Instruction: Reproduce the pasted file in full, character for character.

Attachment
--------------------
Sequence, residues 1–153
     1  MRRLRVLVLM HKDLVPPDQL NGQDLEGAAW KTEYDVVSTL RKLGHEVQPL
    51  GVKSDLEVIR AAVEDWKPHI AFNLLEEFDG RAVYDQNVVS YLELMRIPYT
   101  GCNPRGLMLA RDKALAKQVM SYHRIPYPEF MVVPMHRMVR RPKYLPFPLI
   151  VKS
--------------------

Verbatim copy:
Sequence, residues 1–153
     1  MRRLRVLVLM HKDLVPPDQL NGQDLEGAAW KTEYDVVSTL RKLGHEVQPL
    51  GVKSDLEVIR AAVEDWKPHI AFNLLEEFDG RAVYDQNVVS YLELMRIPYT
   101  GCNPRGLMLA RDKALAKQVM SYHRIPYPEF MVVPMHRMVR RPKYLPFPLI
   151  VKS